In healthy adults, cell adhesion is tightly regulated and migration of most cell types is limited, unless stimulated by infection or wounding. Initiation of migration depends upon recognition of changes in the protein environment by individual cells.
I am interested in molecules that detect matrix markers of tissue damage and result in cell mobilisation. The interaction of cells with fresh matrix causes membrane protrusion, formation of new cell adhesions and disassembly by endocytosis of existing attachment points; each of these must occur in a polarised fashion.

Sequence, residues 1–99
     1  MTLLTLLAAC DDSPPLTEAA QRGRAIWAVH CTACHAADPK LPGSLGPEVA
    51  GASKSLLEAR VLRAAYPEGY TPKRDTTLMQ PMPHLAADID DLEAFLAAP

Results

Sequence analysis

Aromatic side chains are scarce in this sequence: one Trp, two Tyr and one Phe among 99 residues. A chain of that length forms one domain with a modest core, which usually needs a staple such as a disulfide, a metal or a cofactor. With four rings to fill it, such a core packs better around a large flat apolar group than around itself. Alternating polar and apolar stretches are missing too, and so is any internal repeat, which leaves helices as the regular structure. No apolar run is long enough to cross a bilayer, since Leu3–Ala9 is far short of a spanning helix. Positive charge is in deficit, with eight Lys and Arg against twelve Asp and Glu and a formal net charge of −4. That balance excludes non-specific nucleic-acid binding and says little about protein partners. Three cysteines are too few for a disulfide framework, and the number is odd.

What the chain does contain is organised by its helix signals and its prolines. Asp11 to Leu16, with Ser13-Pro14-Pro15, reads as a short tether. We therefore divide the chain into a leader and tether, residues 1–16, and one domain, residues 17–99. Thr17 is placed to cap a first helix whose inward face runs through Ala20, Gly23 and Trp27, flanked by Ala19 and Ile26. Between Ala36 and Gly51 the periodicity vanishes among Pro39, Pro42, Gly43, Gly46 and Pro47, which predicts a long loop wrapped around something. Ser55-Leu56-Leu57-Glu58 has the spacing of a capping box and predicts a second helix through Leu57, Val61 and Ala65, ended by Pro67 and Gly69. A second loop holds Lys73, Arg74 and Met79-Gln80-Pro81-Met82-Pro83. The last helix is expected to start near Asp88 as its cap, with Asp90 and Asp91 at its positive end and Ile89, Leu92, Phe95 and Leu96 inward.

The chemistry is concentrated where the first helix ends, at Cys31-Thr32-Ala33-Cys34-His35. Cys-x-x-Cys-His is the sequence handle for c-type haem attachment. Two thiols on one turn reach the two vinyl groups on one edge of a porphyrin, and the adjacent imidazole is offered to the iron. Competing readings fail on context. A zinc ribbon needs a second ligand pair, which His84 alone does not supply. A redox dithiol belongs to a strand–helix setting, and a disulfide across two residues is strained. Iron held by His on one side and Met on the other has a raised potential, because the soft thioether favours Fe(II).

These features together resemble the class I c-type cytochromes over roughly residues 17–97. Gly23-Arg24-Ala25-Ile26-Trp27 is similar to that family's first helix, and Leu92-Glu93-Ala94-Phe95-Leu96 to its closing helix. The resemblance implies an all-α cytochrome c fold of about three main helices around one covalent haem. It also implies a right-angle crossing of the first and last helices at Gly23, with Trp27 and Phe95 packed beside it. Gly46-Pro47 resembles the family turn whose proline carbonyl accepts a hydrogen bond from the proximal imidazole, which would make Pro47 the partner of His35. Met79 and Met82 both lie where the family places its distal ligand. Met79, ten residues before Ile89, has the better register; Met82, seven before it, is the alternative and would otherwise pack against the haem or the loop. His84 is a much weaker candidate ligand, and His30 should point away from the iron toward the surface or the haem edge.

Initiation and suppression of cell migration are equally important; failure in the former would result in healing defects, failure of the latter would result in tumour formation.
Therefore I use cell-based biochemical and imaging techniques to examine the temporal and spatial regulation of migration signals, thus resolving the molecular mechanism of intrinsic repair mechanisms.